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IPSET of Linux

Wolf

When dealing with network attacks, using iptables to block IP is a common and simple way. Sometimes it may be necessary to block tens of thousands of IPs, adding tens of thousands of rules will greatly affect the performance of the server. ipset was born to solve this problem.

Backgroupd

IP sets are a framework inside the Linux kernel, which can be administered by the ipset utility. Depending on the type, an IP set may store IP addresses, networks, (TCP/UDP) port numbers, MAC addresses, interface names or combinations of them in a way, which ensures lightning speed when matching an entry against a set.

If you want to

  • store multiple IP addresses or port numbers and match against the collection by iptables at one swoop;
  • dynamically update iptables rules against IP addresses or ports without performance penalty;
  • express complex IP address and ports based rulesets with one single iptables rule and benefit from the speed of IP sets

then ipset may be the proper tool for you.

Install

In Debian:

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:~$ sudo apt-get install ipset

Create IPSET Rules

  • Create Rules of IPs
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    :~$ ipset create test hash:ip
    :~$ ipset add test 114.114.114.114
    :~$ ipset add test 8.8.8.8
    :~$ ipset add test 1.1.1.1
    :~$ ipset add test 2.2.2.2
    :~$ ipset add test 3.3.3.3
  • Create Rules of net
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    :~$ ipset create test hash:net
    :~$ ipset add test 224.0.0.0/4
    :~$ ipset add test 192.168.1.0/24

Use IPset

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:~$ iptables -I INPUT --match set --match-set test src --jump DROP

if package’s source ip belong to hash table test, then drop it.
We use the set module of iptables to enable references to ipset.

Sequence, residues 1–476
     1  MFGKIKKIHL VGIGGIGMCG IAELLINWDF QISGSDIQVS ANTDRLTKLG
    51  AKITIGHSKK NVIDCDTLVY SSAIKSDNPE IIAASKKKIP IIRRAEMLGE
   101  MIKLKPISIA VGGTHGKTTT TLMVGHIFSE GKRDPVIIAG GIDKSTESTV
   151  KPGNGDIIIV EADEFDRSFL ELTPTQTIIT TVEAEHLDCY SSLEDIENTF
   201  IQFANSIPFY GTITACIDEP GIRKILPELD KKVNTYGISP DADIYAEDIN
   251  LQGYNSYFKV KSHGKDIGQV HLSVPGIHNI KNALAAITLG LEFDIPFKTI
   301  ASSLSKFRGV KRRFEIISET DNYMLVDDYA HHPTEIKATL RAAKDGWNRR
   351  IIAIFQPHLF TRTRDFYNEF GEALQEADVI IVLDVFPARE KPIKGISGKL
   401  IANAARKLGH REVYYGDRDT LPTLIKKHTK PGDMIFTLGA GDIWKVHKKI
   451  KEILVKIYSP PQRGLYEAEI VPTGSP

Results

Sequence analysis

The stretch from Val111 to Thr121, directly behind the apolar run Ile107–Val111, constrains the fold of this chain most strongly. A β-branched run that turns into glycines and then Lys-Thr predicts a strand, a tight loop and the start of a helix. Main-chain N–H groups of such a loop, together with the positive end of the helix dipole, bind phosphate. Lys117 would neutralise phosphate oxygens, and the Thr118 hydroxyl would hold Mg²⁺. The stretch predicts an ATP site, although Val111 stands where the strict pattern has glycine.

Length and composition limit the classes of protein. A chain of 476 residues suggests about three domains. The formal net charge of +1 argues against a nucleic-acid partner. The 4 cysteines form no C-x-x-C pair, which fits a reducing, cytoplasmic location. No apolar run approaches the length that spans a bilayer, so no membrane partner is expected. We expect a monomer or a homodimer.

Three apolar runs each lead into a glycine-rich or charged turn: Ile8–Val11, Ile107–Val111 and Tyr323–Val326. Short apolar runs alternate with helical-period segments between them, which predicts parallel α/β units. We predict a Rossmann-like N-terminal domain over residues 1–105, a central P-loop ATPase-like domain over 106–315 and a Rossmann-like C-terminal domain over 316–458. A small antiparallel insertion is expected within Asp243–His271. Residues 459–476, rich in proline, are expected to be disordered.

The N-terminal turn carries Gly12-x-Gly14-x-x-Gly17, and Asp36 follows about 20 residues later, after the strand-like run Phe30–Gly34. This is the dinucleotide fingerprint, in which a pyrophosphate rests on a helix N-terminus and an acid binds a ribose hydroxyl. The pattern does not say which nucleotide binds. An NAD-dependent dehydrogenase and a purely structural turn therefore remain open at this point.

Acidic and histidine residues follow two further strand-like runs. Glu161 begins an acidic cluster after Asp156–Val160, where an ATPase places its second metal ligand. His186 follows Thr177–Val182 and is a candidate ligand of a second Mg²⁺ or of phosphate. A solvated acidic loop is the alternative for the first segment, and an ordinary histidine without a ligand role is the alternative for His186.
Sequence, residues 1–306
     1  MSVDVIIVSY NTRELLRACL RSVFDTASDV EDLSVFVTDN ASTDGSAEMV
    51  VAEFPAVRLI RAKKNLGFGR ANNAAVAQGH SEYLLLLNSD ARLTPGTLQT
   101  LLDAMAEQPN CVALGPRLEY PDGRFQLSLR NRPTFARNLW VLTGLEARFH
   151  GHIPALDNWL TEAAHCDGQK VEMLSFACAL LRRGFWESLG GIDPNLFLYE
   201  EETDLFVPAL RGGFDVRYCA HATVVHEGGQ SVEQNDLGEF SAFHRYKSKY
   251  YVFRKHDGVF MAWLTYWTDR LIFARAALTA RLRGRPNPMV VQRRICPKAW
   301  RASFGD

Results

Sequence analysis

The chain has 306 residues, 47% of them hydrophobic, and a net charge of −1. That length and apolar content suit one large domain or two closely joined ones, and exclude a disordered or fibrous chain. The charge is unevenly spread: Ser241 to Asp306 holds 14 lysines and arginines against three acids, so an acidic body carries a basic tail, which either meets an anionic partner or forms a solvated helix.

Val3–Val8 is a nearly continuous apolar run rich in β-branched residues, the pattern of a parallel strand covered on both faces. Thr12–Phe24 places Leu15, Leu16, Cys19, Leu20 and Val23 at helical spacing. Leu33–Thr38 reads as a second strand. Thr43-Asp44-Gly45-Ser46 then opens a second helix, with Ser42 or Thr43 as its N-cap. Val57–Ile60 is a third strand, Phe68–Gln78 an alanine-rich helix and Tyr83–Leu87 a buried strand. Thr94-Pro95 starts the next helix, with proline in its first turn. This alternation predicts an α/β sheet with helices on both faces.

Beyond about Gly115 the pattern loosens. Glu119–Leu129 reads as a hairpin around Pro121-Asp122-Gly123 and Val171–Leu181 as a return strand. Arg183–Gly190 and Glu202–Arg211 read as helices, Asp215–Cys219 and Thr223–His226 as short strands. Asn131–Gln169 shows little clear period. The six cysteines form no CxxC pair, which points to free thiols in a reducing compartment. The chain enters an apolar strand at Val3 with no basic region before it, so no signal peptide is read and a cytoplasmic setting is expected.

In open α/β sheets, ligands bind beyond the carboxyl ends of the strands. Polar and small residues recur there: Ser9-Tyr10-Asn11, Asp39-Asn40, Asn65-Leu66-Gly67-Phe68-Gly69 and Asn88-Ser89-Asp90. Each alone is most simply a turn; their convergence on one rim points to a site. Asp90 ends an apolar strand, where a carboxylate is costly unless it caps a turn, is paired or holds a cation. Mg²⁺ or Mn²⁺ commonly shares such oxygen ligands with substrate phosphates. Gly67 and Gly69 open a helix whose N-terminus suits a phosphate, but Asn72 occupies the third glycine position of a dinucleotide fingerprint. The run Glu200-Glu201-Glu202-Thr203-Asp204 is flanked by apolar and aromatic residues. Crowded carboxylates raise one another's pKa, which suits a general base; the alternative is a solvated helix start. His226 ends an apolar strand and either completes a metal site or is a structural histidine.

src matches the source address of a packet, and dst matches the destination address.

Add comment

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:~$ ipset create test hash:ip comment
:~$ ipset add test 1.1.1.1 comment "Black IP"
:~$ ipset list test
Name: test
Type: hash:ip
Revision: 0
Header: hashsize 1024 maxelem 65536 comment
Size in memory: 2619
References: 3
Number of entries: 14
Members:
1.1.1.1 comment "Black IP"
...

Add counter

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:~$ ipset create test hash:ip comment counters
:~$ ipset add test 1.1.1.1 comment "Black IP"
:~$ ipset list test
Name: test
Type: hash:ip
Revision: 0
Header: hashsize 1024 maxelem 65536 counters comment
Size in memory: 2619
References: 3
Number of entries: 14
Members:
1.1.1.1 packets 0 bytes 0 comment "Black IP"
...

Save and Restore IPSet Rules

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:~$ ipset save -f blacklist
:~$ ipset restore -f blacklist

Example

If there are 10,000 IP addresses to be blocked here, we can only do this with iptables

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iptables -I INPUT --source 1.1.1.1 --jump DROP
iptables -I INPUT --source 2.2.2.2 --jump DROP
iptables -I INPUT --source 3.3.3.3 --jump DROP
iptables -I INPUT --source 4.4.4.4 --jump DROP
...
...

iptables is matched in the order of the rules, so each data packet needs 10,000 times to read and match the source IP. The time complexity is O (1000), which seriously affects the performance of iptables.

Now we use IPSET to match this 10,000 IP addresses.

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ipset create test hash:ip
ipset add test 1.1.1.1
ipset add test 2.2.2.2
ipset add test 3.3.3.3
ipset add test 4.4.4.4
...
...
iptables -I INPUT --match set --match-set test src --jump DROP

Now we only use one iptables rule. At this time, we only need to read the source IP once and then perform IP matching in the hash table of IP Sets. The time complexity becomes O (1). We can be seen that the performance of iptables is greatly improved at this time.


References:

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